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Self-identified race or ethnic group is used to determine normal reference standards in the prediction of pulmonary function. We conducted a study to determine whether the genetically determined percentage of African ancestry is associated with lung function and whether its use could improve predictions of lung function among persons who identified themselves as African American.
We assessed the ancestry of 777 participants self-identified as African American in the Coronary Artery Risk Development in Young Adults (CARDIA) study and evaluated the relation between pulmonary function and ancestry by means of linear regression. We performed similar analyses of data for two independent cohorts of subjects identifying themselves as African American: 813 participants in the Health, Aging, and Body Composition (HABC) study and 579 participants in the Cardiovascular Health Study (CHS). We compared the fit of two types of models to lung-function measurements: models based on the covariates used in standard prediction equations and models incorporating ancestry. We also evaluated the effect of the ancestry-based models on the classification of disease severity in two asthma-study populations.
African ancestry was inversely related to forced expiratory volume in 1 second (FEV1) and forced vital capacity in the CARDIA cohort. These relations were also seen in the HABC and CHS cohorts. In predicting lung function, the ancestry-based model fit the data better than standard models. Ancestry-based models resulted in the reclassification of asthma severity (based on the percentage of the predicted FEV1) in 4 to 5% of participants.
Current predictive equations, which rely on self-identified race alone, may misestimate lung function among subjects who identify themselves as African American. Incorporating ancestry into normative equations may improve lung-function estimates and more accurately categorize disease severity. (Funded by the National Institutes of Health and others.)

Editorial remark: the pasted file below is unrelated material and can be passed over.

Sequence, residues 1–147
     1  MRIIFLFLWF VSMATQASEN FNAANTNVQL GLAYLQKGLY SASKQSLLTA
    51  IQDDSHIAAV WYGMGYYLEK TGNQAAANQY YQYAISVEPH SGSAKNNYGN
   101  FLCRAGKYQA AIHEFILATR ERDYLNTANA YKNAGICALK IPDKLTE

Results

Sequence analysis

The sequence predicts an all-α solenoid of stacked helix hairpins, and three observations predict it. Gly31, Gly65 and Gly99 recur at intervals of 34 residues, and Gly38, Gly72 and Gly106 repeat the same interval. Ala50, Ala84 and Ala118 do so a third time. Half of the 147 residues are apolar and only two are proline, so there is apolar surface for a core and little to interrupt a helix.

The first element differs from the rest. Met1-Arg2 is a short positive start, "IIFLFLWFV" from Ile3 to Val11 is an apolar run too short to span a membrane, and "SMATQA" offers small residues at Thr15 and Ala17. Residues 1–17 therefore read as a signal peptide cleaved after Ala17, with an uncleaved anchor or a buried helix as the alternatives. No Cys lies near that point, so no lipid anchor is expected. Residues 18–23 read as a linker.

The use of racial or ethnic classification in medical practice and research has been the subject of debate.1–3 Race and ethnicity are complex constructs incorporating social, cultural, and genetic factors. Currently, pulmonary-function testing is one of the few clinical applications in which self-reported race or ethnic group is used to define a normal range for a test outcome. Normative equations of lung function have been developed by testing large populations categorized on the basis of self-reported race or ethnic group.4 However, many populations are racially admixed, and self-identified racial and ethnic categories are crude descriptors of individual genetic ancestry.5–8 Use of self-reported race or ethnic group may misclassify persons with respect to the normal range for physiological measures, if the measures are dependent on ancestry. Such errors could lead to inaccuracies in evaluating individual pulmonary function and in determining population-specific disease prevalence and severity.